Device-2: Advanced Micro Devices [AMD] Raven/Raven2/FireFlight/Renoir Audio Processor vendor: Hewlett-Packard
driver: snd_rn_pci_acp3x v: kernel alternate: snd_pci_acp3x bus ID: 03:00.5 chip ID: 1022:15e2
Device-3: Advanced Micro Devices [AMD] Family 17h HD Audio vendor: Hewlett-Packard driver: snd_hda_intel v: kernel
bus ID: 03:00.6 chip ID: 1022:15e3
Sound Server: ALSA v: k5.9.14-arch1-1
Network: Device-1: Realtek RTL8822CE 802.11ac PCIe Wireless Network Adapter vendor: Hewlett-Packard driver: rtw_8822ce
v: N/A modules: rtw88_8822ce port: f000 bus ID: 01:00.0 chip ID: 10ec:c822
IF: wlan0 state: up mac: 20:4e:f6:1a:40:db
Drives: Local Storage: total: 476.94 GiB used: 10.62 GiB (2.2%)
SMART Message: Unable to run smartctl. Root privileges required.
ID-1: /dev/nvme0n1 maj-min: 259:0 vendor: Toshiba model: KBG40ZNV512G KIOXIA size: 476.94 GiB block size:
physical: 512 B logical: 512 B speed: 31.6 Gb/s lanes: 4 serial: 80RPH7RRQ9D2 rev: HP00AE00 temp: 27.9 C
Partition: ID-1: / raw size: 476.64 GiB size: 468.16 GiB (98.22%) used: 10.62 GiB (2.3%) fs: ext4 dev: /dev/nvme0n1p2
ID-2: /boot/efi raw size: 300 MiB size: 299.4 MiB (99.80%) used: 280 KiB (0.1%) fs: vfat dev: /dev/nvme0n1p1
Swap: Kernel: swappiness: 60 (default) cache pressure: 100 (default)
ID-1: swap-1 type: file size: 512 MiB used: 0 KiB (0.0%) priority: -2 file: /swapfile
Sensors: System Temperatures: cpu: 51.1 C mobo: N/A gpu: amdgpu temp: 41.0 C
Fan Speeds (RPM): N/A
Info: Processes: 225 Uptime: 43m wakeups: 798 Memory: 7.2 GiB used: 1.46 GiB (20.3%) Init: systemd v: 247 Compilers:
gcc: 10.2.0 Packages: pacman: 1092 lib: 261 Shell: Bash v: 5.1.4 running in: konsole inxi: 3.2.00
I ONLY have laptops. And I install normally without a swap partition. I just did an install with KDE, and I use hibernator from the AUR. It works fantastic, and it’s super simple. Install, and then just
sudo hibernator 16G
It does all the hooks, updates everything else accordingly, and you’re all set with a 16G swapfile. Change 16G to whatever size swapfile you’d like. And that’s it, you’re all done.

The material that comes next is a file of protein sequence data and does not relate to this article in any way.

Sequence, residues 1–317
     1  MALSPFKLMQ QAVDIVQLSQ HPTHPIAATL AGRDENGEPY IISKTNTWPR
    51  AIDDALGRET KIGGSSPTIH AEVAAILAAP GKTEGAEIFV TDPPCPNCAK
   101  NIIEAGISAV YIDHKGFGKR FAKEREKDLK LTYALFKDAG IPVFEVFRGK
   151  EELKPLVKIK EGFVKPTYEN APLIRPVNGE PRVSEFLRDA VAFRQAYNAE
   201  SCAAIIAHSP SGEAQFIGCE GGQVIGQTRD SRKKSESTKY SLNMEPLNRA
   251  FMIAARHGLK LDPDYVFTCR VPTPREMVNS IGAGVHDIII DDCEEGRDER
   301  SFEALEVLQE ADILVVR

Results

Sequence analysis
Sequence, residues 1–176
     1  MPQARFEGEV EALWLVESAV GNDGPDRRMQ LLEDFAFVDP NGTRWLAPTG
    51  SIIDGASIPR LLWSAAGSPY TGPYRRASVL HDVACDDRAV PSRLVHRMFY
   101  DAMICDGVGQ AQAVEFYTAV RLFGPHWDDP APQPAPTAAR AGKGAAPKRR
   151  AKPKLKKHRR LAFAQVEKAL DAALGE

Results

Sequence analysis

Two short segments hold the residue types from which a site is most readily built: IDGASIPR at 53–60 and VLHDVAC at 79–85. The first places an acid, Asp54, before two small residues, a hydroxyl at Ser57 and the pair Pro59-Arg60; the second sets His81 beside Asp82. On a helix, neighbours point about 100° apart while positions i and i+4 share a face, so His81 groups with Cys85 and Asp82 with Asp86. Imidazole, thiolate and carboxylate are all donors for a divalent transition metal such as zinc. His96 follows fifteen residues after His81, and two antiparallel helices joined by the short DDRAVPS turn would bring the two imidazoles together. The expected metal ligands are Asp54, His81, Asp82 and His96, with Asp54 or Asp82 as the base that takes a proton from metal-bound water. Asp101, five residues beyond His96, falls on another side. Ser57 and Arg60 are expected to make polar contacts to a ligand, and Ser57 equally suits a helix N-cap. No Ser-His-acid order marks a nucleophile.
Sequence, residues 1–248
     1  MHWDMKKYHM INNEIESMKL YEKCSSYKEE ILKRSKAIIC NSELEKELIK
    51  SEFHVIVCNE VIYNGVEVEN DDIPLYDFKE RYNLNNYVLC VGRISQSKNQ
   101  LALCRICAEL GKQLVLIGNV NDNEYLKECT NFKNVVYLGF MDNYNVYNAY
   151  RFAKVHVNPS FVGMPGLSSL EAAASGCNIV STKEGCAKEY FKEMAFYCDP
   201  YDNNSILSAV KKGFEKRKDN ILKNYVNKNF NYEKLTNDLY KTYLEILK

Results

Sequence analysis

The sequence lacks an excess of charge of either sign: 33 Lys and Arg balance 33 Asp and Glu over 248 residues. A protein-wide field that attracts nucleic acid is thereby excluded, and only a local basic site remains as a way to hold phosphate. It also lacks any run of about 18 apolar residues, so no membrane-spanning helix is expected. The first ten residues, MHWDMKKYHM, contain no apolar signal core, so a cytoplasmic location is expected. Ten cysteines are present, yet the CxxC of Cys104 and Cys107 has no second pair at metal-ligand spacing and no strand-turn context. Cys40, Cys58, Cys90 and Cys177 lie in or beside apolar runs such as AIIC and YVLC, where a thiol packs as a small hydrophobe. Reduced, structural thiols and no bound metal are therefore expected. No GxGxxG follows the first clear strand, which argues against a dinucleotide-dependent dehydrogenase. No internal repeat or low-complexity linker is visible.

Nice and simple:
Do i have to reinstall to change what i have? Or can i fix it some how?
Saw that you have a NVMe SSD.
A swap file is more recommended rather than a swap partition.
Speaking of partitions, did you leave a 10% unformatted space at the end of the drive ?
You should, because that unused space is important for the SSD controller for maintaining speed and cells longevity.
No i didn’t! I just used the erase disc with swap file from the installer.
I. . . have no idea actually. I’ve never tried to undo a swapfile. I would assume you could fix it. I do’nt know how far into the install and customization process you are, it may be easier to just re-install. But from the Arch wiki, it looks pretty stupid simple.
You can always shrink the partition from a live medium and solve this easily
Isn’t over-provisioning already taken care of by the manufacturer, as explained in this article for example
I also thought i had read this before somewhere?
Yes, overprovisioning (for file level wear) is built into the controller automatically and will be handled as you use it. Leaving 10% at the end of the drive is good (although I don’t do it) for SLC cache performance. Keeping 10% of the drive GUARANTEED empty means you’ll never get to the point where more modern drives that use “fake” SLC cache will be without room to have cache, and thus have performance tank. Of course, you can also just make sure you never exceed 90% usage, it equates to the same thing, but 1 way you don’t have to look at it if you start getting a lot of usage since it’s already built into your partition design.